It was the third morning of our tour in Azerbaijan, and we were headed to Quba (pronunciation somewhere in between Cuba and Gooba), a small town about three hours north of the capital. Our tour bus crawled like a determined beatle out of the windy city of Baku, winding its way between striking futurist architecture and crumbling, soviet-era housing developments. Eventually the tall buildings shrank to low lying suburbs and then fell away entirely, giving way to a stark, unforgiving landscape. On our left, the green-capped Caucasus mountains rose defiantly from dry plains. On our right, thin agricultural fields sloped down to the Caspian sea, sparkling like a salty, blue diamond.
The sun was just rising over the rooftops and mosques as our 1980’s Mercedes sprinter van sped across the Bosphorus. Blurry-eyed and still drunk on Raki from the night before, we were on our way to Ataturk airport to catch the next flight to Baku, Azerbaijan. As Istanbul disappeared behind us, I tried to wrap my throbbing head around the whirlwind 72 hours we’d just spent on the continental divide.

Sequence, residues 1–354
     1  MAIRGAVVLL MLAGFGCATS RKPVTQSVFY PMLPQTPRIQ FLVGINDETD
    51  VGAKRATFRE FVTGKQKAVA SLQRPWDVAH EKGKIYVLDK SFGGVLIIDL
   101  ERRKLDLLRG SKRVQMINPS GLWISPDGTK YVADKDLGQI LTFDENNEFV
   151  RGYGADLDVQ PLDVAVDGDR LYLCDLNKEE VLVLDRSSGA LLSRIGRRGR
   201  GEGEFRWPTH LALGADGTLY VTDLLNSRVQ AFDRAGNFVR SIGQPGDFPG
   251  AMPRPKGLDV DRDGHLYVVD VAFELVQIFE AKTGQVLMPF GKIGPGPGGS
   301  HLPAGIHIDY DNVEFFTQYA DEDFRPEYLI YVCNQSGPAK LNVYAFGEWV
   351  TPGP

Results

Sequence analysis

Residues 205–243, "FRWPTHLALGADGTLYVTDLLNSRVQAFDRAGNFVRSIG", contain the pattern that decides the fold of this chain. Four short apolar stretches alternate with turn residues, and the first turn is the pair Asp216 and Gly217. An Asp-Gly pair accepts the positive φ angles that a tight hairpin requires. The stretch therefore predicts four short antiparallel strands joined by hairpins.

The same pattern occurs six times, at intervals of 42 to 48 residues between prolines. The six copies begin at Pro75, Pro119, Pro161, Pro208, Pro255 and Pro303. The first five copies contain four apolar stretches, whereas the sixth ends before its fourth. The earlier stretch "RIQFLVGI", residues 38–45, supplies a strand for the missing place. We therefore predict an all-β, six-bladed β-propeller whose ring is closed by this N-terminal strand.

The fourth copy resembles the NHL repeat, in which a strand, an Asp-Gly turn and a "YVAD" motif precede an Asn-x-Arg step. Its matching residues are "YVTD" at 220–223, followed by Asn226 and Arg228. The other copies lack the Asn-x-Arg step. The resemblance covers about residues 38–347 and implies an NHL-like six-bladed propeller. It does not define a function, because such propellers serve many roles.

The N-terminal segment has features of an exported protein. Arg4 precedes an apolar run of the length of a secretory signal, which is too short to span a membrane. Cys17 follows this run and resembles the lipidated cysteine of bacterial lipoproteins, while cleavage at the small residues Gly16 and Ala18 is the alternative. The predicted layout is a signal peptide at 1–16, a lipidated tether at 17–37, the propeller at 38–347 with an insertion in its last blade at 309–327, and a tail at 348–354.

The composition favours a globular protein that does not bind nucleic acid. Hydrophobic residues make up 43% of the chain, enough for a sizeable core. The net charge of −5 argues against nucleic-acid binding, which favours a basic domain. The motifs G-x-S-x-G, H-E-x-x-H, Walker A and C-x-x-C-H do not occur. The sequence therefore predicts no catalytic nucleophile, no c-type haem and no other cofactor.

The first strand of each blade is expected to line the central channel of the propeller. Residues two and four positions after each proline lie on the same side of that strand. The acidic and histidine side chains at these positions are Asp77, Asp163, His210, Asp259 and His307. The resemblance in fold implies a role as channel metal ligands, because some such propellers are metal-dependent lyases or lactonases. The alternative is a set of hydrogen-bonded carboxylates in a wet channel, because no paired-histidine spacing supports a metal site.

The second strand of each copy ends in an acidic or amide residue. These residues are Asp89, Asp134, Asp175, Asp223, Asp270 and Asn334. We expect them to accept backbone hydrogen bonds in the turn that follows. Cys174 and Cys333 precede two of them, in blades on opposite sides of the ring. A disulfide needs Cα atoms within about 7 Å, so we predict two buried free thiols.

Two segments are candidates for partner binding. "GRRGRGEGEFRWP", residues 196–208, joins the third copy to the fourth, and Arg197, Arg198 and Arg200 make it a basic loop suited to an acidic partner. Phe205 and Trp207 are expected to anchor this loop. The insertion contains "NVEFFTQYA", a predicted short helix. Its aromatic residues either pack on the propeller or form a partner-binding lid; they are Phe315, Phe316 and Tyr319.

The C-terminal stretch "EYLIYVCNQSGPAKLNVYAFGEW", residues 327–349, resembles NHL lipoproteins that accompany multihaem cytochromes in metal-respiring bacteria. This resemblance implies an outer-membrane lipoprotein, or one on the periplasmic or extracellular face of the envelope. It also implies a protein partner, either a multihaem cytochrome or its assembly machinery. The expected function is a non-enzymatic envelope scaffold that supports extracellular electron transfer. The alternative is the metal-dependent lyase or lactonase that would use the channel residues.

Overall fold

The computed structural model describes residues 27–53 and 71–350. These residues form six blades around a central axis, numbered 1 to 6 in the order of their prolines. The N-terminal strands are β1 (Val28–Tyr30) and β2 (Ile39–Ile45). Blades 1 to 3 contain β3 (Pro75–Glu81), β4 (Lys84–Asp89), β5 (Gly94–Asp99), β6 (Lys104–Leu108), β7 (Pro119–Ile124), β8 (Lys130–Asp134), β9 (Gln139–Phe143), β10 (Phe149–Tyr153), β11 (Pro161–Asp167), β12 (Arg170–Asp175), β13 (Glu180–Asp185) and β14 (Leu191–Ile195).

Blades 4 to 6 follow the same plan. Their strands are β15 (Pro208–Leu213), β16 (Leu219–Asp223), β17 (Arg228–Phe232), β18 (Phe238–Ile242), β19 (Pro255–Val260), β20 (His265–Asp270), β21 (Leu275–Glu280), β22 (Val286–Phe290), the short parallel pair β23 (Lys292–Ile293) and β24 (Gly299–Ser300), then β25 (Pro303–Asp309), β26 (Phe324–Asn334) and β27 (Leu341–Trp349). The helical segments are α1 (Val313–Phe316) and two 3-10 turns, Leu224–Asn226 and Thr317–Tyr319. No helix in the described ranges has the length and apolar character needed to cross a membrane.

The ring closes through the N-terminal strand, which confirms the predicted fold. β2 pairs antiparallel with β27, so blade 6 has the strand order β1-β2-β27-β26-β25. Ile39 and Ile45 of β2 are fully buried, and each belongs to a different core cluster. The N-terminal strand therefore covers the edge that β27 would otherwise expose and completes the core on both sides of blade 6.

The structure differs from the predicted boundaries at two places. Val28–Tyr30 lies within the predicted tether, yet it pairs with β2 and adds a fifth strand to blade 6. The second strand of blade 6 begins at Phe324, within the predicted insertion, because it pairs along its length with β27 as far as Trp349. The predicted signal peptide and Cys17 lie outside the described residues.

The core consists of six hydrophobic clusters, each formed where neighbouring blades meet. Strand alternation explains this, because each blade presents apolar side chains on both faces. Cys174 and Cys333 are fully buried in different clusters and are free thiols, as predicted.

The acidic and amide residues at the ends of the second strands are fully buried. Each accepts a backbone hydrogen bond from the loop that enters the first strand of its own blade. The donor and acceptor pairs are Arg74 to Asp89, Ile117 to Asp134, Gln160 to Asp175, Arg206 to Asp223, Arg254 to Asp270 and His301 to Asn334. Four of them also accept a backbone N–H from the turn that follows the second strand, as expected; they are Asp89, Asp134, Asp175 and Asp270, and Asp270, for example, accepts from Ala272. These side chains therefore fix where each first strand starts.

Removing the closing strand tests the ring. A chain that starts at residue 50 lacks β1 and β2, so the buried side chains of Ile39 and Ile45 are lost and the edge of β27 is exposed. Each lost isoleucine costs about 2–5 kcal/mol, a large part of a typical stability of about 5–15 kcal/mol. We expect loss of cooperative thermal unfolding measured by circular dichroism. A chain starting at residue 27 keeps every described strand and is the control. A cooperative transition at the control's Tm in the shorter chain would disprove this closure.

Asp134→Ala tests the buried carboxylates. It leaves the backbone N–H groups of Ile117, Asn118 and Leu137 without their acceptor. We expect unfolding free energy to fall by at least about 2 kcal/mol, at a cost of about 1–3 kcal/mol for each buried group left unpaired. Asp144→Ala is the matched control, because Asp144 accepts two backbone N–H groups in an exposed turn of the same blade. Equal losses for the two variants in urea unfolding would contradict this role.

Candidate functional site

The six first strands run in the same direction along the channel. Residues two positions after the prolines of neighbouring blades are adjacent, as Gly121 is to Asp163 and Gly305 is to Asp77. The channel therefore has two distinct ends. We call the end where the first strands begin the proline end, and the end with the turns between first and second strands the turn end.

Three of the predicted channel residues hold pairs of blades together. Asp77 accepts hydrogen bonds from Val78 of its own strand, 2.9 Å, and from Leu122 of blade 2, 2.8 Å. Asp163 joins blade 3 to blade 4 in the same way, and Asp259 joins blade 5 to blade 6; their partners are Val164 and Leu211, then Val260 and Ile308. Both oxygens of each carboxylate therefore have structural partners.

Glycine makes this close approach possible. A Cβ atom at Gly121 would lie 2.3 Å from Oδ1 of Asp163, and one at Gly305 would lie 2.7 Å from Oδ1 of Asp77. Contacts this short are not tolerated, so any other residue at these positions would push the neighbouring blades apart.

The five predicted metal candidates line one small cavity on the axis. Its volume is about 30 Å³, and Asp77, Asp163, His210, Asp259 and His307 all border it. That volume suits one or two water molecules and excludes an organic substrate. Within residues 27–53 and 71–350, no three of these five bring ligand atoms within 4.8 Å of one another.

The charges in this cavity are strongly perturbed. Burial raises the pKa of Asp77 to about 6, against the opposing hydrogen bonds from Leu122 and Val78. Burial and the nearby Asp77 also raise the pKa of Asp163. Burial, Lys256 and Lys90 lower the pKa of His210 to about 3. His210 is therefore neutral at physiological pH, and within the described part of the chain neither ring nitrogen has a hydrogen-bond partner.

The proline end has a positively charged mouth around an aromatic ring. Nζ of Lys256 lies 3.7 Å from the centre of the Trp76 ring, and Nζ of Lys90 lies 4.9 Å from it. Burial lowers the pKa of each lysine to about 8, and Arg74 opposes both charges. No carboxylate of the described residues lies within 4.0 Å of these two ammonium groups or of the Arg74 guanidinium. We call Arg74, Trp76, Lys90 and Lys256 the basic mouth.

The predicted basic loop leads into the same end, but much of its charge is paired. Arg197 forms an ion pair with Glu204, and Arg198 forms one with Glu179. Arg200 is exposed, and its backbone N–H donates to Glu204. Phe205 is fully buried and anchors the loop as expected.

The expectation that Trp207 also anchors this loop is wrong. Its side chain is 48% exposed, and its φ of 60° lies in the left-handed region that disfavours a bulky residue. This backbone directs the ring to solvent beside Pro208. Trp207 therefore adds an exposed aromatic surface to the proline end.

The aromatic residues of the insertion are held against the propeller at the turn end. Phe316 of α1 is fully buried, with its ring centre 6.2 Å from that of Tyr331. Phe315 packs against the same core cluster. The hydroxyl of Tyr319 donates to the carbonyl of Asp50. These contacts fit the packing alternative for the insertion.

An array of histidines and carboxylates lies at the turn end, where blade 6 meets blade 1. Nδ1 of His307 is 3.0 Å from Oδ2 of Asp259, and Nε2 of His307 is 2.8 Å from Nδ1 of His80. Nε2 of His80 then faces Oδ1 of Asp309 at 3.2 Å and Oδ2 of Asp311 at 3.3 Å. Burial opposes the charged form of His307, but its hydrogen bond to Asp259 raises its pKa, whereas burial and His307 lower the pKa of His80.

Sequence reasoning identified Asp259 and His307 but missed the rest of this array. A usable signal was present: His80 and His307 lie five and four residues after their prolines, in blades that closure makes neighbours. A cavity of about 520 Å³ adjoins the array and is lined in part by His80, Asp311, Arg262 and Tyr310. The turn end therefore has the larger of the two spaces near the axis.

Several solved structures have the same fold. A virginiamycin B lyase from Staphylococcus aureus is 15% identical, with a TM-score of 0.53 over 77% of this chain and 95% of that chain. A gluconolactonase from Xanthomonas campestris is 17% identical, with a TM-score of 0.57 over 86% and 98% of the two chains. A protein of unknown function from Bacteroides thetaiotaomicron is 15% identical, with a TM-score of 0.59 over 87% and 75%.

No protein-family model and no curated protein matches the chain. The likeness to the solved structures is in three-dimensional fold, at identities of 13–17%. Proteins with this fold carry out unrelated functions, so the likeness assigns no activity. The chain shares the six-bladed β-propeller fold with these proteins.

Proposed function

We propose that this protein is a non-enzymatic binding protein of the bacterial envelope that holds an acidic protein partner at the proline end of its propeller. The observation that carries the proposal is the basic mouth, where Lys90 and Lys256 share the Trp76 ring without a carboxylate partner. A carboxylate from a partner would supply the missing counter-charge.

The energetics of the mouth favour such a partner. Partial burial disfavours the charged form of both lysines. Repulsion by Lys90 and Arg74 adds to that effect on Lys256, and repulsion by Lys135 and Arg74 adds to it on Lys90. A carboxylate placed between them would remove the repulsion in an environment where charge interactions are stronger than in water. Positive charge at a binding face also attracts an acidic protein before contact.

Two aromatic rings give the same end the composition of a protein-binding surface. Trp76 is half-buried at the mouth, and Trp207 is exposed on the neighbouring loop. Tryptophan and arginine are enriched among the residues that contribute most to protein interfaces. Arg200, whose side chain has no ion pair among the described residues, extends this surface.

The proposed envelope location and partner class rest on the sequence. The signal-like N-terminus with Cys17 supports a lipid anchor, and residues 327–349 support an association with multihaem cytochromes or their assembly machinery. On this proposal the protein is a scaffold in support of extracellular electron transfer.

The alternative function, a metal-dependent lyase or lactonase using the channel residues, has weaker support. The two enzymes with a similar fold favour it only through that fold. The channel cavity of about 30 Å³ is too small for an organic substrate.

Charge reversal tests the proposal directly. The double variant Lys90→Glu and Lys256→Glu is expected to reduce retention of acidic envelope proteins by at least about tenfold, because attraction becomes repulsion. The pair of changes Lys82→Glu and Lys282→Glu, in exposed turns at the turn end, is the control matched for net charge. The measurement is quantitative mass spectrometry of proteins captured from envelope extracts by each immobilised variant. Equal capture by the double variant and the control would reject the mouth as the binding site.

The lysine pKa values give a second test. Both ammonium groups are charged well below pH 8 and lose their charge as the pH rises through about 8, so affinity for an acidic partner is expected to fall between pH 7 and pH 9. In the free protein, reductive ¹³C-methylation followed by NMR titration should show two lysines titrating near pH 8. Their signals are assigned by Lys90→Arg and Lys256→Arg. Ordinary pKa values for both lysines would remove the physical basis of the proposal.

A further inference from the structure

Following the recent and heralded release of its EP ‘Take My Picture,’ Silver City Bound will be traveling to Azerbaijan to do concerts and workshops on behalf of the U.S. Department of State's Arts Envoy Program. While in Azerbaijan, the band will collaborate with local musicians and perform at high profile festival America Days.
On their way to Azerbaijan, the band will stop in Istanbul, Turkey to collaborate with Country For Syria May 14 and 15. Based in Istanbul, Country For Syria is comprised of American, Turkish, and Syrian musicians who play a mix of American and Arabic folk music and do performances and collaborations with Syrian refugees all over Turkey.